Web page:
Everything plus the kitchen sink
Have you ever seen a particularly compelling kitchen sink drama? Tell us here!
Kitchen sink realism, also known as kitchen sink drama, is a style of play that realistically depicts the gritty lives of its working-class characters. It frequently involves crying, shouting, broken dreams, and a lot of mundane domestic duties, such as the washing of grimy dishes in a broken-down kitchen sink that clearly didn’t come from Crate and Barrel.
A British cultural movement led by so-called “angry young men” in the ’50s, kitchen sink realism spawned art, books, films, and plays that were hyper-naturalistic and centered on downtrodden anti-heroes who were disillusioned with society and railing against their lot in life. John Osborne’s 1956 drama Look Back in Anger, which was recently revived by the Roundabout Theatre Company, is typically considered the first entry in the genre. A volatile love triangle straddling social classes, it features all of the hallmarks listed above, especially lots of yelling. It’s hard to imagine back to a time when audiences were shocked to see characters onstage doing everyday chores and engaging in quotidian conversation, but it was groundbreaking for the age.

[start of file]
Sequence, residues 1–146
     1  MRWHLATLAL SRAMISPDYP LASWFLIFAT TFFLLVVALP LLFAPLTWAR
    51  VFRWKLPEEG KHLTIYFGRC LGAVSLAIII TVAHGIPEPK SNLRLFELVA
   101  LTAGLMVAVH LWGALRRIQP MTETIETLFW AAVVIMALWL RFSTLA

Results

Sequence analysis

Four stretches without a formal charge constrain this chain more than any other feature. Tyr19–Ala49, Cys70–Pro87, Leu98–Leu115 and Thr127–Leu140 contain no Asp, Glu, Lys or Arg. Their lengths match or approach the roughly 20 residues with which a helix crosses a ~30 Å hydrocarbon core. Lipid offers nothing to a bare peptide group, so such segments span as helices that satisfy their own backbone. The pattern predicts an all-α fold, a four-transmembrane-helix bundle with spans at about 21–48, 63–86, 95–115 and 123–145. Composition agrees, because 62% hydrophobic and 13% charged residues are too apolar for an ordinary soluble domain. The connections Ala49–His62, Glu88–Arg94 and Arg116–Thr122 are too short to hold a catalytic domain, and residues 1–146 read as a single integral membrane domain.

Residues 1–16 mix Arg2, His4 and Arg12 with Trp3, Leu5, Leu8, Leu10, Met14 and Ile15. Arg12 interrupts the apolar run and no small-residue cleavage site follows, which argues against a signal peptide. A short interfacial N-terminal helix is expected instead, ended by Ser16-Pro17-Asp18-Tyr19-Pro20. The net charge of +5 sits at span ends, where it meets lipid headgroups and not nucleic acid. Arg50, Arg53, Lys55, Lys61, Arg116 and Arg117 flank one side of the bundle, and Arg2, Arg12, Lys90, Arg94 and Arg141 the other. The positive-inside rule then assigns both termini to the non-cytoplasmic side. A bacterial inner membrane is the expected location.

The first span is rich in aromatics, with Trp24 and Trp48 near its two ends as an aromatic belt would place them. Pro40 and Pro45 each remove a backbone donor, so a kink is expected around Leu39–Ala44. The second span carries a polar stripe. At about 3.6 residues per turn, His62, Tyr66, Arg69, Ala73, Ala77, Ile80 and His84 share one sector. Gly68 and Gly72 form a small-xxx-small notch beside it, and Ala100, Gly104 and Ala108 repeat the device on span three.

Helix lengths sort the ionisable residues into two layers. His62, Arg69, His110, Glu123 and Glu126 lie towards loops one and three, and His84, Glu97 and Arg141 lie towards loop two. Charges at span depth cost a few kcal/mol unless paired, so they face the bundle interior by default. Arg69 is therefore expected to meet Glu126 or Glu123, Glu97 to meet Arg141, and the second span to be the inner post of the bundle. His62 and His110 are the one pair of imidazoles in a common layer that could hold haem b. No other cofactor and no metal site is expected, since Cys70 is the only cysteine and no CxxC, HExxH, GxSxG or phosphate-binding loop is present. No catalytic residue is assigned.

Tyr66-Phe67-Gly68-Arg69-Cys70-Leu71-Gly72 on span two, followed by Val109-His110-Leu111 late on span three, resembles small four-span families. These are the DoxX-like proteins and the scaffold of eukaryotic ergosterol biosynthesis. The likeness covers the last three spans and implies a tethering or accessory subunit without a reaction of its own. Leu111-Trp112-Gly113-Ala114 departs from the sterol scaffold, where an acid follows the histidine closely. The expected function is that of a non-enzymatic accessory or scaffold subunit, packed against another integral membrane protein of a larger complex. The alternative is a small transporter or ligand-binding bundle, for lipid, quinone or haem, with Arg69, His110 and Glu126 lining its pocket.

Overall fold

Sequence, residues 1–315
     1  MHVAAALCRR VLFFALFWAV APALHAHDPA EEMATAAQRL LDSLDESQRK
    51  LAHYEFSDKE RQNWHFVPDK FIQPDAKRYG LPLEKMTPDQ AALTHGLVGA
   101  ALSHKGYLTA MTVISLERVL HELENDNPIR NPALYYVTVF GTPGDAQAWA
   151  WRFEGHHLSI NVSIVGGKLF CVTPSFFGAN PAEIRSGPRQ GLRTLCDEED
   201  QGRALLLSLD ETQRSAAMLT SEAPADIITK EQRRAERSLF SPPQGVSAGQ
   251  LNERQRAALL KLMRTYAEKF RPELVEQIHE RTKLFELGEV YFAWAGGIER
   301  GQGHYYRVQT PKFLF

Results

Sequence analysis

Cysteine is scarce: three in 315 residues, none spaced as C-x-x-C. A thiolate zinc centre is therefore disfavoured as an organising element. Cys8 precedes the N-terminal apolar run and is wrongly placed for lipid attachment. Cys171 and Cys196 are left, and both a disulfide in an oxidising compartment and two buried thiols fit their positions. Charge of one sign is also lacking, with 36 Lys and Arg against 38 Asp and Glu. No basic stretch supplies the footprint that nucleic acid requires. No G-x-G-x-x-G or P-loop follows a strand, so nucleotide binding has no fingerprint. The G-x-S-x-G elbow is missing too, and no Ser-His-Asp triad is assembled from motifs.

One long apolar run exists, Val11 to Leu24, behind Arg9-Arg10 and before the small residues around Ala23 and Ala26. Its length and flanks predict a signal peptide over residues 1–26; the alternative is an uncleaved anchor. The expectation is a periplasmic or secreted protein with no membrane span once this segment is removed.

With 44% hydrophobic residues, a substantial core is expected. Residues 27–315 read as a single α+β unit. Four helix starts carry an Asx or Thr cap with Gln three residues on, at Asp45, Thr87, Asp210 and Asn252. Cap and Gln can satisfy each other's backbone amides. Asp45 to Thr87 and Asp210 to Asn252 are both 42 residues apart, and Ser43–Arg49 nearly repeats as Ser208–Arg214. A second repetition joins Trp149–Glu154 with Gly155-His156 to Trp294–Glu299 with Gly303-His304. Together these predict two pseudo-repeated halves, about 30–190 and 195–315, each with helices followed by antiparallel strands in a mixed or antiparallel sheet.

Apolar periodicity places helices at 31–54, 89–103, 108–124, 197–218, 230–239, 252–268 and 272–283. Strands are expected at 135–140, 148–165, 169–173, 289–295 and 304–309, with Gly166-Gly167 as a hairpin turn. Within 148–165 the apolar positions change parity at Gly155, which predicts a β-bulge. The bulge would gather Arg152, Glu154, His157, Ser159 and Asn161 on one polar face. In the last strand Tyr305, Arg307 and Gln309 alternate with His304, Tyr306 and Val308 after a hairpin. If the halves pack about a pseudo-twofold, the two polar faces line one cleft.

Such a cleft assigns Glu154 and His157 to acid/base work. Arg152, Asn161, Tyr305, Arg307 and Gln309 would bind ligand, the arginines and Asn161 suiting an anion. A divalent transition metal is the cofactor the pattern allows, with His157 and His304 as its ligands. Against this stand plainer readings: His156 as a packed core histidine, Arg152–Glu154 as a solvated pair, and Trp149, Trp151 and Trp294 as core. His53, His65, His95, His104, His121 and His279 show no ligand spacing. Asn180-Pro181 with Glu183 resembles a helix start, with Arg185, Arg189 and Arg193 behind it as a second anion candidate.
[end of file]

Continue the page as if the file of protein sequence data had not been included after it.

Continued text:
Though the Britons pioneered and perfected it, a number of plays penned across the pond could be considered kitchen sink dramas, too, notably Arthur Miller’s A View From the Bridge (which, after failing on Broadway, premiered in its two-act form in London in 1956), Lorraine Hansberry’s 1959 play A Raisin in the Sun, and Frank D. Gilroy’s Pulitzer-winning The Subject Was Roses from 1964. One could even argue that Clifford Odets’ 1935 play Awake and Sing! is a precursor to these later tales of struggling blue-collar families. But the language in Odets’ Depression-era drama is more heightened; it aims for poetry not everyday parlance.
These days, realism in the theatre is so commonplace, it usually takes an experimental show like, say, YOUARENOWHERE to send us reeling. But with income inequality and 99% outrage currently boiling over, it seems inevitable that we’ll see a fresh crop of socially conscious (if not necessarily realistic) plays by a new generation of angry young artists of all genders, soon.
— Raven Snook